Washington Senate OKs GOP budget
Plan differs sharply from House version
OLYMPIA – A $30 billion budget drafted by minority Republicans passed the Senate early Saturday morning after more than nine hours of sometimes contentious debate and parliamentary maneuvering.
That spending plan, along with a significantly different budget passed by the House, form the basis for negotiations between the two chambers and Gov. Chris Gregoire for a single plan that can pass both chambers and get her signature.
The Republican budget has no tax increase, cuts significantly more from state programs than the House budget and avoids an accounting maneuver that delayed a major payment the state will make to schools from June 30, 2013, the last day of the current biennium, to July 1, 2013, the first day of the next one. While it spends more money overall on schools, Democrats argued it cuts deeply into some school programs to avoid that shift in payments. Republicans contend the payment shift is an unsustainable accounting gimmick.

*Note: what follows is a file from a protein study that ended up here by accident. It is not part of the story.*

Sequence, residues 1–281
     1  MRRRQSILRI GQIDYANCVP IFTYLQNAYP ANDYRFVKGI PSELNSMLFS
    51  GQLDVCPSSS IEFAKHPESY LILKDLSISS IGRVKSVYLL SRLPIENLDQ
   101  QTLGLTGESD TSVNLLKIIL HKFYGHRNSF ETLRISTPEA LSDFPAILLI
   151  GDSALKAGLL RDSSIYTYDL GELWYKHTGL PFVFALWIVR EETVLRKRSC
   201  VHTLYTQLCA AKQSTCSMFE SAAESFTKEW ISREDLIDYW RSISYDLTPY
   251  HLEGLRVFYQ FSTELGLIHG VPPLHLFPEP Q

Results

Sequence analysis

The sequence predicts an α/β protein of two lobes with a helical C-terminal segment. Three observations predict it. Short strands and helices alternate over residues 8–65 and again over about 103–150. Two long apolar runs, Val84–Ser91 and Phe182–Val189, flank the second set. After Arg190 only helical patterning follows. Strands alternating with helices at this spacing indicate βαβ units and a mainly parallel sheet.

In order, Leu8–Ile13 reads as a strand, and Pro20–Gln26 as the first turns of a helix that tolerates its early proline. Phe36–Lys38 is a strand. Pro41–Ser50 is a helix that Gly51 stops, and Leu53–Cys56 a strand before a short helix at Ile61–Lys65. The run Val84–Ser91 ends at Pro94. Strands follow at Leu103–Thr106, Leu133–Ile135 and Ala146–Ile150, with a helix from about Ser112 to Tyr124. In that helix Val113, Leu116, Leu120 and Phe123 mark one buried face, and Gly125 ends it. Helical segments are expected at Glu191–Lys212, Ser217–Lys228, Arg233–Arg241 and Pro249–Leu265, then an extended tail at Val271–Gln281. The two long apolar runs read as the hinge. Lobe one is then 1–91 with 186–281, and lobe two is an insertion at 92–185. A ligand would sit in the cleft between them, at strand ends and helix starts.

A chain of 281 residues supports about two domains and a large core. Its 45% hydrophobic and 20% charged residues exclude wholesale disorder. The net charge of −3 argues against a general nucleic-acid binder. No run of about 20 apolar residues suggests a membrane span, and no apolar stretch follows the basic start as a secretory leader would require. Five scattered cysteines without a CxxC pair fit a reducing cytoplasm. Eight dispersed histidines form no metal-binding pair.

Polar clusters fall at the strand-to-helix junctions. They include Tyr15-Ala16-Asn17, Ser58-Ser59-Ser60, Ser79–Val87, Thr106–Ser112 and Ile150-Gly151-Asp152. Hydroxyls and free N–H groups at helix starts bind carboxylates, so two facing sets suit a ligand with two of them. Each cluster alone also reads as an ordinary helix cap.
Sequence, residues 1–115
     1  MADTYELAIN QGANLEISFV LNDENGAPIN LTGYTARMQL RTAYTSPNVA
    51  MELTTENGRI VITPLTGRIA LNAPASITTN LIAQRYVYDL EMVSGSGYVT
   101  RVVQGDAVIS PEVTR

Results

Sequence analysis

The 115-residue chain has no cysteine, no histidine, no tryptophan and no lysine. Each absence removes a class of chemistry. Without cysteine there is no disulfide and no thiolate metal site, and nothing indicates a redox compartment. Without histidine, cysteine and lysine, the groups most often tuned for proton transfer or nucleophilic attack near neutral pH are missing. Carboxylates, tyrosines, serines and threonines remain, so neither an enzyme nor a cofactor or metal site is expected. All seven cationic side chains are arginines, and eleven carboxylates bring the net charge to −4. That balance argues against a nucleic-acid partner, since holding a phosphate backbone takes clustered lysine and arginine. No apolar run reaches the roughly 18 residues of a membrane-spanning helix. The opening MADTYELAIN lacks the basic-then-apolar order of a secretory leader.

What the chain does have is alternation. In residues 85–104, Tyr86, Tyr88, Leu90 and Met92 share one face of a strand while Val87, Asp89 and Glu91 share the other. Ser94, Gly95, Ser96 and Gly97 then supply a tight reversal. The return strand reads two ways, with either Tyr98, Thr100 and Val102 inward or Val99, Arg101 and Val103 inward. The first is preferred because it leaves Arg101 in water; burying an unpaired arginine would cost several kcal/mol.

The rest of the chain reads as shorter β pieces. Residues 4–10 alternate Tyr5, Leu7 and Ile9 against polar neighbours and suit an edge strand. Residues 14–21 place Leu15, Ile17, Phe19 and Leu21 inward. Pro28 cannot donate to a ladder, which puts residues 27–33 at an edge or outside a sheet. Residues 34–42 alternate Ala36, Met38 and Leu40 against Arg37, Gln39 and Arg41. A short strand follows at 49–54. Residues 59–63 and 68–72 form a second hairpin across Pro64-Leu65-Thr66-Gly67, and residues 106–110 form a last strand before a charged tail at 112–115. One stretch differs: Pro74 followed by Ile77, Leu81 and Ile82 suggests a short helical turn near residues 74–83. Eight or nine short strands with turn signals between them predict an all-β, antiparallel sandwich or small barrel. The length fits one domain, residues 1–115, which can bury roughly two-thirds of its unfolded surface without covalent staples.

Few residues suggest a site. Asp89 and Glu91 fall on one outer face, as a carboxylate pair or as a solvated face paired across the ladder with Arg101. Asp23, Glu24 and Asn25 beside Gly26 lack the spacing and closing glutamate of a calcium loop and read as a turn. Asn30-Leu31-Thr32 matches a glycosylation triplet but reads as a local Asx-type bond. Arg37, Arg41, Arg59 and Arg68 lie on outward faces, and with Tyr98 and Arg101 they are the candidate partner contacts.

A united Republican caucus allied with three conservative Democrats to form a working majority and employ a seldom-used parliamentary maneuver to force their budget through the Senate. Tempers sometimes flared as Friday turned into Saturday and Democrats accused Republicans of “backroom deals.”
By Saturday afternoon, calm and the usual decorum returned to the chamber. Senators moved quickly through a list of bills that either had near-unanimous support to pass, or so little support they were defeated without debate.
Budget negotiations begin this week as the search continues for a way to close a gap of about $1.5 billion between what the state is expected to collect in revenues and what it is scheduled to spend over the next 16 months.
The last day of the session is Thursday. Democrats said Friday and Saturday the substitution of the alternative Republican budget makes it less likely the Legislature will finish on time. Republicans said the logjam over the budget meant they were already headed for a special session and the new spending plan could jump-start the process.